Playing the Algorithm: How One Startup Was Driven to Extremes by Meta Ad Bans

B Corp Certified, sustainable underwear brand, Nudea, was launched in 2019 and has already established itself as a disruptor in the bra shopping experience. Powered by data from 20,000 bra wearers, Nudea’s designs are engineered with intelligent features uniquely created for the modern woman, responsibly manufactured and crafted from recycled yarns.

As DTC online-focused brand with no physical stores, digital advertising platforms are crucial to gaining new customers and spreading the brand’s story. Platforms such as Instagram and Google are central to reaching new customers. In fact, Facebook and Google advertising are in many cases the only viable options available for online startup businesses like Nudea.

Nudea Logo


Nudea’s CEO and Founder Priya Downes expands: “The challenge is that these platforms aren’t perfect and rather than help small businesses like Nudea, they can in fact hinder our ability to reach new audiences. We were shocked to discover when we started to advertise on social platforms and found that many of our ads were banned by the algorithms for ‘overtly sexual positioning’. As a brand focused on good fit, all our images are created tastefully and with the intention of showcasing the underwear in its best light on a model.”

“It amazes me that in 2022, images of women’s underwear would be banned for promoting excessive nudity, whereas men’s bare chests are deemed acceptable. Moreover, as the algorithms work on a flesh-to-underwear ratio, the curvier the model, the more likely the ad will be banned. As a brand which promotes diversity and positive body messaging, it’s truly ironic that slim models should be favoured. This only serves to dilute our message and not allow us to tell our brand story more fully.”

Priya continues: “As a startup, in theory, paid social could be one of our strongest marketing channels for cost effective customer acquisition, however, the reality is very different. Once a dynamic ad is disapproved, it means we can’t then target users who’ve browsed certain products on our site. In addition, due to bans on images, we’re not able to display our complete collection on our Instagram shop which limits our social commerce capabilities.”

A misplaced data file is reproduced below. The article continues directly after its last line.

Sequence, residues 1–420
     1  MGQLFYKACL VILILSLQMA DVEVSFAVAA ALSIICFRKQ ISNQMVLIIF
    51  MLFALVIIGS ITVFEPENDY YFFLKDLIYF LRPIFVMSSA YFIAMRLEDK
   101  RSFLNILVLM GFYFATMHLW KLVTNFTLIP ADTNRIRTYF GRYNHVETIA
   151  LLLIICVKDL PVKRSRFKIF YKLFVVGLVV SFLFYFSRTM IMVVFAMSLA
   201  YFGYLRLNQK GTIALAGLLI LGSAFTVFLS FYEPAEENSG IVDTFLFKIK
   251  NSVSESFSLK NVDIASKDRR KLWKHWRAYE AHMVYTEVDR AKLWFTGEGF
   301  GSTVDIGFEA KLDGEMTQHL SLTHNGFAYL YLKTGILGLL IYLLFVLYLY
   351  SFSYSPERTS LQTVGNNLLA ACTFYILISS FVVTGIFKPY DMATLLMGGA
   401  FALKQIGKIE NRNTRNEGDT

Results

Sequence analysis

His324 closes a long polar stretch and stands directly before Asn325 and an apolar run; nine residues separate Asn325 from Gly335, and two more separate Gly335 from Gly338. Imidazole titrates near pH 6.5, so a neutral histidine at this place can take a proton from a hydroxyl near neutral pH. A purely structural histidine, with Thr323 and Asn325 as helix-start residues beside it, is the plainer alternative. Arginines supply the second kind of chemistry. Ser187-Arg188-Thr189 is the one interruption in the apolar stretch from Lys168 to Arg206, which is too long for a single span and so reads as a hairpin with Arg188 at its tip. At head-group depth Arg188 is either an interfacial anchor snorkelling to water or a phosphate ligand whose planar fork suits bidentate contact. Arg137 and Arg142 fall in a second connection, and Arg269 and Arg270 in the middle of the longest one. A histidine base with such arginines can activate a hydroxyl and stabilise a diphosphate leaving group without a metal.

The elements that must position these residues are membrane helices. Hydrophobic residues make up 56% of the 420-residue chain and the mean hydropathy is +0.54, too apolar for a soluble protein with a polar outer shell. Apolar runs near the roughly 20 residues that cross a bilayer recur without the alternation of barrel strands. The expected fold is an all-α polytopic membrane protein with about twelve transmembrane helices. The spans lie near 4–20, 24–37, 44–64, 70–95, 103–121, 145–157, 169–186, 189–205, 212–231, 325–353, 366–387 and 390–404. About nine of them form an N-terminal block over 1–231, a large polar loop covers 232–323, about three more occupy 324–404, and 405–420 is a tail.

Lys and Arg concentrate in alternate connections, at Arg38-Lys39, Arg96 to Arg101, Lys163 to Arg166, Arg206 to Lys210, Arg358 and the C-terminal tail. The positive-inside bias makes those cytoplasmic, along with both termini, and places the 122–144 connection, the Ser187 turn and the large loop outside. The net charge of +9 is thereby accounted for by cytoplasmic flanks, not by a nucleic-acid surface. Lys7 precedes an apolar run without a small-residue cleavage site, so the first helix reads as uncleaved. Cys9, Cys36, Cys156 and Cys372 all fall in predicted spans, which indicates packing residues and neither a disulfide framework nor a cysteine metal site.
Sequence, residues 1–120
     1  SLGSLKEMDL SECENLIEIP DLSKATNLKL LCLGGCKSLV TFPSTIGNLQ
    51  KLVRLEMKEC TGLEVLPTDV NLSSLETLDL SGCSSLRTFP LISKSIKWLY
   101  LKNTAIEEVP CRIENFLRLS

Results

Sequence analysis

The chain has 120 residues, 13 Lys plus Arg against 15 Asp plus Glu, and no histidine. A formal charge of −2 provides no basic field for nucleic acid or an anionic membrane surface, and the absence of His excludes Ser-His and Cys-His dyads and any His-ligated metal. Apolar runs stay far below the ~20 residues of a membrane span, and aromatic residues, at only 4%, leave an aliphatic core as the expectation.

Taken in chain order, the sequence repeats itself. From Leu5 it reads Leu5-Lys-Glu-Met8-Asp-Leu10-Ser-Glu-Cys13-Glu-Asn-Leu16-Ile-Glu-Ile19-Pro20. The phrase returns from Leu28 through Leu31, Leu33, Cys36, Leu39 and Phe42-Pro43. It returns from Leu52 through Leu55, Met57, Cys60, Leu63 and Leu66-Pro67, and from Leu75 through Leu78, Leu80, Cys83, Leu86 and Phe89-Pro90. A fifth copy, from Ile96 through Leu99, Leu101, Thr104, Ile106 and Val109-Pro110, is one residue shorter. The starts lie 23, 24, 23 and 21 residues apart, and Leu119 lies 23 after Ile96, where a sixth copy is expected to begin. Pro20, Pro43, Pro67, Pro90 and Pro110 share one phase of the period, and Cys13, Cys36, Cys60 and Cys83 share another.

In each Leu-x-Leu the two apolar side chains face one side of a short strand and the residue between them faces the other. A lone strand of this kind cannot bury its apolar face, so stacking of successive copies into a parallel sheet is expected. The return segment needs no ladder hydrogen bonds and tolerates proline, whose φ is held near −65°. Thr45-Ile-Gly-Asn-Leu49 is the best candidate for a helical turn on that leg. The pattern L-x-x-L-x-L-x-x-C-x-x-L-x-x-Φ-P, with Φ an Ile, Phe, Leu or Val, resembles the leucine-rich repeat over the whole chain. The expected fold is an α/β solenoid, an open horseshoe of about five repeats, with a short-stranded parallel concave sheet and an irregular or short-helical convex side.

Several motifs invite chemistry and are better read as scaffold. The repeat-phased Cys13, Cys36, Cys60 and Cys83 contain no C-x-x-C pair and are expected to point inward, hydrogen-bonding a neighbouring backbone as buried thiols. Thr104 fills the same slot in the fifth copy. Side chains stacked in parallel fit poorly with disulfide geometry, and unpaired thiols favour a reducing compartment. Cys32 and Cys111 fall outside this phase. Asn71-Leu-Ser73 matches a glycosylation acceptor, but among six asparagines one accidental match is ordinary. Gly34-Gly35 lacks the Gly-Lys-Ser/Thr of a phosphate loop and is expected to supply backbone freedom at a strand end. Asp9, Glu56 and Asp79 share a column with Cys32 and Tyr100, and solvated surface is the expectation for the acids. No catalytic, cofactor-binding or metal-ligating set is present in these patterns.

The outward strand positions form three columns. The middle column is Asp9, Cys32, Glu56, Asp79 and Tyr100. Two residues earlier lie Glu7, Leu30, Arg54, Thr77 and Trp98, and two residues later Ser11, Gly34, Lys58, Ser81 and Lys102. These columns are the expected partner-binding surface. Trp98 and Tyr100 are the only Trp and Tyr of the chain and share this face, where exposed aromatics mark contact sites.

Nudea Banned Image


In the UK, debate is currently raging across social media channels following the ban by the Advertising Standards Authority (ASA) on Adidas’ sports bra ads for showing bare breasts which were deemed likely to cause widespread offence. The ads which showed pairs of female breasts to illustrate the diversity of its sports bra range, were banned in May 2022 by the ASA following just 24 complaints that the ads were gratuitous, objectified women by “sexualising them and reducing them to body parts”, were harmful and offensive and were able to be seen by children.

Priya Downes adds: “This is proving to be a very tricky process to navigate, as a business we’re yet not big enough to have an account manager at Meta to look at our ads, so we’re very much at the mercy of the algorithm which is why we’ve had so many issues with ads being banned. To prove the point, we even resorted to using a male model to model one of our bras as part of an April Fool’s Day prank, which obviously wasn’t banned. It’s proving to be a real challenge understanding Meta’s content filters. Added to that is the opt-out of cookies policy since mid-last year which has reduced the effectiveness of audience targeting on the platform, which is yet another hurdle to advertising on the platform. All of this is making me question our spend and indeed the use of the platform going forward. For example, we have cut our spend by over 50% in the last year with no impact on our growth as we focus on other channels that are more effective and welcoming to our ethos.”